In this sense there is a necessity to develop capabilities and even skills for Strategic Engineering and also the opportunity to create new educational path for engineers and scientists mastering these techniques as well as training programs for Decision Makers and Strategists to learn how to use these innovative approaches. The synergy MS2G and Strategic Engineering could lead to develop new solutions for actual applications.

7 CASE STUDIES AND EXAMPLES

The Strategic Engineering proposes several case for new MS2G Solutions applications; indeed these elements are pretty interesting while addressing problems currently popular, where the number of variables and output data is so large that intuitive and immersive frameworks connected to interoperable simulation are crucial. In this sense, several applications have been developed along last years by authors as summarized by following cases:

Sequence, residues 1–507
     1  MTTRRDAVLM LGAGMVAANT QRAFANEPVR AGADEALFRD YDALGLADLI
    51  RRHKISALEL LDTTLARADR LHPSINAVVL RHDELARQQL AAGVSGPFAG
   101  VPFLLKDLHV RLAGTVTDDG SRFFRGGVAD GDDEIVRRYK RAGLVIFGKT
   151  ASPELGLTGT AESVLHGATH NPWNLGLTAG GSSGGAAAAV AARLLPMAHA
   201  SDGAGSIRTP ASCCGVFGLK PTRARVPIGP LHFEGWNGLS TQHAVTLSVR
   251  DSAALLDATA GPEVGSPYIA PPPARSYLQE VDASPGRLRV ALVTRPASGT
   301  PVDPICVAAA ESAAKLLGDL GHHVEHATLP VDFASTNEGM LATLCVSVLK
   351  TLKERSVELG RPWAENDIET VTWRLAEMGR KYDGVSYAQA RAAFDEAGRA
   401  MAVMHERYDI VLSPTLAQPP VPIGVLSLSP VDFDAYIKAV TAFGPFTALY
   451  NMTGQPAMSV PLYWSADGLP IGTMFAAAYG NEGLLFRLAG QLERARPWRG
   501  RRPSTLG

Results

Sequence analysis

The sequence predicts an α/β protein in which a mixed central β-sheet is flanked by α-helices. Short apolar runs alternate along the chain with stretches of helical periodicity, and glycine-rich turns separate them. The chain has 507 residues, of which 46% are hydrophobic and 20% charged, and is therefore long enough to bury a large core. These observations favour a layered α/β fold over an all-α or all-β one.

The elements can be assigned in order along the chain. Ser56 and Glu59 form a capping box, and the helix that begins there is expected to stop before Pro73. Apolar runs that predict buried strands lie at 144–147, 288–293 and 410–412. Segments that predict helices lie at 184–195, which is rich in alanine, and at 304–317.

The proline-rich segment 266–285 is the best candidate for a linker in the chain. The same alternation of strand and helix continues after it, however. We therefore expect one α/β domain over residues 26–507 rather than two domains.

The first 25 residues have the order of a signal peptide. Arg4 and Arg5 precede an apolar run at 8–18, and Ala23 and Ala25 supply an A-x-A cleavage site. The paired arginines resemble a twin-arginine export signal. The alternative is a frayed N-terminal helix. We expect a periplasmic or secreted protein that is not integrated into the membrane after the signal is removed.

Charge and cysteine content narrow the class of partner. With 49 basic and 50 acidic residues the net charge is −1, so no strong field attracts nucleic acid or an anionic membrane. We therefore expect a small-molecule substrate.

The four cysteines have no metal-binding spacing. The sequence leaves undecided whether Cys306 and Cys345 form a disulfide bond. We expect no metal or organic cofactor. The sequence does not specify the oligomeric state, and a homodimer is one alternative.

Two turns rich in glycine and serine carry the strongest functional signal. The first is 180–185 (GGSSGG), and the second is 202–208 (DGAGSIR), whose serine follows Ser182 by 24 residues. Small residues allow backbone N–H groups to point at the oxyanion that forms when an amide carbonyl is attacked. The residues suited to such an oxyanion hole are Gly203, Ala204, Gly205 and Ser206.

ARPIA: MS2G in Urban Strategic Planning

ARPIA (Augmented & virtual Reality for Population modeling based on Intelligent Agents) is a Simulation Environment able to integrates in HLA (High Level Architecture) different Simulation Models and IA-CGF to reproduce City Dynamic Evolution as well as People Consensus and Population Behaviors over Regular conditions as well as during a Crisis or a Disaster.(www.itim.unige.it/projects/arpias.html).

T-REX: MS2G in Homeland Security

T-REX (Threat network simulation for REactive eXperience) is an example of MS2G dedicated to consider different kind of mission environments such as Homeland Security and Hybrid Warfare; indeed T-REX supports HLA Simulation and enable the possibility to be federated federation with other elements to evaluate different aspects and their interactions (e.g. economics, finance, politics) even through interoperability among models (www.liophant.org/projects/t-rex.html).